Arts & CultureCultural Affairs

Hildur Jónasson’s exhibition ‘synthesis’ delves into the ecopsychology of the Anthropocene

Through printmaking, synthesis dismantles the artificial divide between humans and nature, while revealing to us new ways of looking at the ecosystems we are actively shaping.

synthesis debuted at the Society of Northern Alberta Print-artists (SNAP) on January 21, and was featured in their gallery until February 18. Originally from Iceland, Hildur Jónasson created an exhibition that unifies the natural and artificial elements found in the high Arctic.

Jónasson’s prints encourage viewers to reflect on their internal perceptions of human-nature relationships, while the effects of the Anthropocene become visible in every place on the planet.

Megan Posyluzny ice shadow IV, XIV, XVII, 2017, experimental cyanotype using glacier fragments.

“This exhibit was a long time coming. It’s a continuation of a body of work that I started about five years ago, when I was a participant in the Arctic Circle artists residency,” she expressed.

This residency takes place in Svalbard, Norway, which is the northernmost settlement on Earth. During her first excursion to the icy walls of a calving glacier, Jónasson noticed a white rosy triangle embedded in the pebbles beneath her feet. 

She and the other artists committed to picking up and re-using the plastic that they found. One piece of plastic, in particular, shaped the prints featured in synthesis

“With my printmaking brain seeing something textured, I could ink [the plastic] up and run it through a press. The first marks that came from this ugly hideous pollution were these beautiful marks that looked more natural than they did human,” Jónasson revealed.

Megan Posyluzny synthesis exhibition by Hildur Jónasson displayed at SNAP Gallery.

psychoterratic is the most monolithic piece in the exhibition, with paper tendrils reaching up and across the gallery wall. Jónasson referred to this piece as Pandora’s box unleashing itself, being presented in an invasive way, and illustrating the growing legacy of plastic existing within the environment.

Despite the disappointing prevalence of plastic in our everyday lives and in remote places where it shouldn’t be found, she addresses the dichotomy of its existence in nature.

“There’s plastic [technology] that makes our lives better and easier, and in some cases more beautiful. But it also has duality, it has a creative aspect, and a destructive aspect,” Jónasson shared.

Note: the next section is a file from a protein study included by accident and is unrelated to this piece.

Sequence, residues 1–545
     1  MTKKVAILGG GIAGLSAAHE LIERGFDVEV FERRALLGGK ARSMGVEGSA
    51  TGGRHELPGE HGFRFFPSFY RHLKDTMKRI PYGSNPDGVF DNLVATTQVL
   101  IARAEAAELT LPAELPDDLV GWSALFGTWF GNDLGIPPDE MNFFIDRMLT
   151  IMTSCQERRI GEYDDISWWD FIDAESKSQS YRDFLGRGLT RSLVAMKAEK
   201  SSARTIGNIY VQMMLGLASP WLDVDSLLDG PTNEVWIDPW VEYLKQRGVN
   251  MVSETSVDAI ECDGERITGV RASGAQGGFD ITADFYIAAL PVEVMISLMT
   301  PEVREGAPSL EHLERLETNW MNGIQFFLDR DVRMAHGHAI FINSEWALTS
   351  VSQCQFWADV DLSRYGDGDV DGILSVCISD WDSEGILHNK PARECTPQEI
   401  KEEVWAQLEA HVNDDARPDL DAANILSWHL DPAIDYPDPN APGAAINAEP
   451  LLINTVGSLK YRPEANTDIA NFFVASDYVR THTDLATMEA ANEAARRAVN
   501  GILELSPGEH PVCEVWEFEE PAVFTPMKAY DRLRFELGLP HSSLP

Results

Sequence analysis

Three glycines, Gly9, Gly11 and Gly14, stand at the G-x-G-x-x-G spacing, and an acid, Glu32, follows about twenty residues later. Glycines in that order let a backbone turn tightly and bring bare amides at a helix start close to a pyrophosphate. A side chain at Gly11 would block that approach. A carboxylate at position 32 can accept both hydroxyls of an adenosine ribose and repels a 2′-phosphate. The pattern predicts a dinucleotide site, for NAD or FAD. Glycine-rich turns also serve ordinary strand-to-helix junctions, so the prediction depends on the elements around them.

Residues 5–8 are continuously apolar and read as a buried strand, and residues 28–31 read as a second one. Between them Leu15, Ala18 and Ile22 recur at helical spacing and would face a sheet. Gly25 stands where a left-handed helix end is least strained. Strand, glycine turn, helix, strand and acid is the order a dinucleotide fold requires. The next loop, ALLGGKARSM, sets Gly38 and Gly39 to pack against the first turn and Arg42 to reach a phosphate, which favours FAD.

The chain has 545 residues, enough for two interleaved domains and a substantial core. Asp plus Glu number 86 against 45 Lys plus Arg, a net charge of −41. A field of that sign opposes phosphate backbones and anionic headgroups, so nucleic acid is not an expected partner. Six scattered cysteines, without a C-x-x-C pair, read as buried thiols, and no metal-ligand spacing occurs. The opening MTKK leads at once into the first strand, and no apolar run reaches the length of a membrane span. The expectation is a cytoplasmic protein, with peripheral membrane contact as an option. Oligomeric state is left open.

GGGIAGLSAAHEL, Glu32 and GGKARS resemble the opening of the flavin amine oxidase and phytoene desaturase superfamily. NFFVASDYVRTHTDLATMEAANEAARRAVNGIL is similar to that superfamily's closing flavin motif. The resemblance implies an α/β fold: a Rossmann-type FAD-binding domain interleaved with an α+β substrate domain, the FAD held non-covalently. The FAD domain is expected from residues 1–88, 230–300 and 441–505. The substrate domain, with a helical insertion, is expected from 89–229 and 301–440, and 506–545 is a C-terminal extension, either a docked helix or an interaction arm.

Looking down into thirty souls is like looking into shallow water, with each layer stratifying something magical to find within its rune-like swirls. While most gallery pieces summon the viewer’s gaze upwards, the three glass installations ground the hanging prints. They reflect the small pools of water that Jónasson encountered on an island called Amsterdamøya, which lay within a meadow abandoned by a bird colony.

An ode to ecopsychology, which studies the relationship between humans and the natural world, are three prints titled Rorschach I, II, III. Rorschach inkblots are used as projective tests to peer into the perceptions and creativity of viewers. These inkblots guide viewers toward Jónasson’s overarching themes in synthesis, which is the idea of natural and artificial elements interacting to create something new.

Megan Posyluzny Rorschach I, II, III, 2021, assemblage, monoprints.
Megan Posyluzny solostalgia, 2020, monoprints.

Another collection of monoprints, solostalgia, refers to emotional distress from environmental change. Beyond plastic being an invasive or pervasive entity, its synthesis within nature is transformative.

The shapes within the prints seem alien, yet are also embued with familiar natural textures. This piece resembles geometric fractals which continuously replicate themselves — perhaps referencing the microplastics which exist not only in the environment but also in our own bodies.

In a unique piece featured in her exhibition, Jónasson uses her body accompanied by the texture of the Fjortende Julibukta (Fourteenth of July) Glacier to create a scroll-like print. There is a short video displayed, titled Touching the Earth; Glacier ritual I.

Megan Posyluzny Glacier ritual I, farewell embrace.

Whilst laying within the concave textures of the Glacier’s icy surface, Jónasson described the feeling as a fleeting embrace.

Interestingly, this also connects the mortality of glaciers with global warming, such as the one used to create this piece.

“It’s this idea of our mortality, and the ephemeral quality of glaciers in the climate crisis,” Jónasson said.

synthesis explores our own ecopsychology towards an age marked by human impacts on the environment. By merging natural and artificial elements, this exhibition calls viewers to reflect on our feelings and perceptions towards the natural world we are actively shaping.

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Megan Posyluzny

Megan was the 2022-23 Deputy Opinion Editor. She is in her fourth year studying psychology, anthropology, and volunteering with community service learning. Currently, she is a non-profit board intern with Skills Society. When she’s not learning about human behaviour, she enjoys foodie-related adventures, dabbling in mixology, and watercolour painting.

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